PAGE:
Day TWO (Sat 3/14/15): I had my first cervical check, which found me to be 0- 1/2 cm dialted, not even enough to put the foley bulb in, which was disappointing. By Saturday morning, I’d taken all 6 doses of cytotec allowed, so in the late morning I got up and started doing laps on the L&D floor to hopefully encourage the baby to come down on my cervix and get things going. They decided to try and place the foley later in the afternoon, using some ‘tricks’ but it wasn’t successful (just really fucking painful.) After a no-go there, I was started on pitocin for the night, which requires constant monitoring – which sucks. Another ambien and good night of sleep, despite having someone in my room near constantly to readjust the monitors. On the upside, the monitors were able to pick up some small but regular contractions, a good sign.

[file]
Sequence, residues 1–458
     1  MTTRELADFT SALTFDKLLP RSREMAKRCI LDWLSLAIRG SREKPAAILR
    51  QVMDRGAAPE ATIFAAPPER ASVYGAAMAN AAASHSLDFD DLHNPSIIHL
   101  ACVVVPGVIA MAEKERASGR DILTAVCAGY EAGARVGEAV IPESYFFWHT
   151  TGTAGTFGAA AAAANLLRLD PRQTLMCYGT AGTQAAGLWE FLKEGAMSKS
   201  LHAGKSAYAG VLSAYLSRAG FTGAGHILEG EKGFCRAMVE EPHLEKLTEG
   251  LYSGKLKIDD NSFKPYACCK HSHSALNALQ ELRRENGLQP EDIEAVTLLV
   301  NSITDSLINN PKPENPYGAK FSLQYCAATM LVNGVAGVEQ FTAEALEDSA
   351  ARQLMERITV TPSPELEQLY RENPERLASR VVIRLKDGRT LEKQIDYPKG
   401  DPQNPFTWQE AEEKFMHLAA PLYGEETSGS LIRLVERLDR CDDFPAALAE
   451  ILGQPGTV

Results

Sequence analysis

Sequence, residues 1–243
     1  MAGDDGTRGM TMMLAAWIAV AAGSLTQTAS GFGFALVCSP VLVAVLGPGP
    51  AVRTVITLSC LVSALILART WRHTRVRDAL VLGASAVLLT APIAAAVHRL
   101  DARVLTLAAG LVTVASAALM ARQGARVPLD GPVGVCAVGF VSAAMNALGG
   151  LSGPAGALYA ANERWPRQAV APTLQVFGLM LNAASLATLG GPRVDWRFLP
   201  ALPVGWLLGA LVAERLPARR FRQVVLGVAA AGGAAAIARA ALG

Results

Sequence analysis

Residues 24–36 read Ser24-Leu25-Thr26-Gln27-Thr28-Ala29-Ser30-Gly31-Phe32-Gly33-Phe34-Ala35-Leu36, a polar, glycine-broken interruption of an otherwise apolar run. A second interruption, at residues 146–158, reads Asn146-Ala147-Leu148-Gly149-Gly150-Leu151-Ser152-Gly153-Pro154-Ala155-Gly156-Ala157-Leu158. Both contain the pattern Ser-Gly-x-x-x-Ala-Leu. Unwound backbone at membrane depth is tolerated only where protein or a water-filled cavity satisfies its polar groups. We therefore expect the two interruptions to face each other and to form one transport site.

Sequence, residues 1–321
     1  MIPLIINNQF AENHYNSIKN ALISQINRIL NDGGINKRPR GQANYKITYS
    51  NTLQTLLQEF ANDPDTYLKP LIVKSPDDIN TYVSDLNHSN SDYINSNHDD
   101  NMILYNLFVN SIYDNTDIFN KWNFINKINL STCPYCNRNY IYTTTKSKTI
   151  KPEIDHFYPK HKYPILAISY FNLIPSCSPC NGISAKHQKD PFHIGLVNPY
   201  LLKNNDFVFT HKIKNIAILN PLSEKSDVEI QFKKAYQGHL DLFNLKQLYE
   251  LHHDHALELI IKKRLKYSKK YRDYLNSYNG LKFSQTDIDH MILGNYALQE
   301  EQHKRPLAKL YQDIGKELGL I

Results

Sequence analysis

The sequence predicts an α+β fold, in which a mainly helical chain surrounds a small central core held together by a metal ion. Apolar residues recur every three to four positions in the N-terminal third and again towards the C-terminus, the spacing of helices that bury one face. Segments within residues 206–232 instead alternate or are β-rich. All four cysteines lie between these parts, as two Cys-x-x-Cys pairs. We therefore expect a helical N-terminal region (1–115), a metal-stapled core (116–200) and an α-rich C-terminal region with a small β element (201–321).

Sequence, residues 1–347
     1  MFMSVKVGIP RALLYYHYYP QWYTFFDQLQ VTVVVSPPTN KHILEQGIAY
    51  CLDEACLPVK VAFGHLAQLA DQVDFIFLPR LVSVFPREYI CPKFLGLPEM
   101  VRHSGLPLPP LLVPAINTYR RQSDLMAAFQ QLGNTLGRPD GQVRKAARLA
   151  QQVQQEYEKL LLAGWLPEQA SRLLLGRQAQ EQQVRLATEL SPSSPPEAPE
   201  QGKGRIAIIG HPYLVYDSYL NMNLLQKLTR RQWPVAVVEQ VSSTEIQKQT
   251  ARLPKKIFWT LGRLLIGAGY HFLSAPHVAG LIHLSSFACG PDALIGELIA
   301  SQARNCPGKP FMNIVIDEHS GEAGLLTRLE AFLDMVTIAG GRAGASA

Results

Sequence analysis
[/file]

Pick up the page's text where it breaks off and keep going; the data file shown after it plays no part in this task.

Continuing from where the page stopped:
Day THREE (Sun 3/15/15): Things were definitely starting to feel defeating and frustrating at this point. I was glad that we were being given every opportunity possible to have a natural, vaginal birth but I was also beginning to need something to change. We had spent so long walking the same circuit of halls, repeating mantras of ‘open, open, open’ – thinking of any possible way to pull the energy of labor toward us. They checked me again and found I was now open enough to try the foley bulb again – this time, they recruited the chief resident, who has a special touch when it comes to foley bulbs! She was amazing, and got the bulb in – with minimal (but still significant!) pain. They doubled the average liquid in the bulb to hope and speed things up. They also let us go for a walk outside – which was glorious! We kept walking and bouncing and trying to let gravity and the foley do their job! By the end of the day, I was 4cm dialted thanks to the foley bulb, and was having regular but mild contractions about 5-7 minutes apart into the evening. I took another ambien and dreamed big about having a baby the next day. In the middle of the night, the foley bulb fell out and I lost my mucous plug. Signs were ointing towards birth!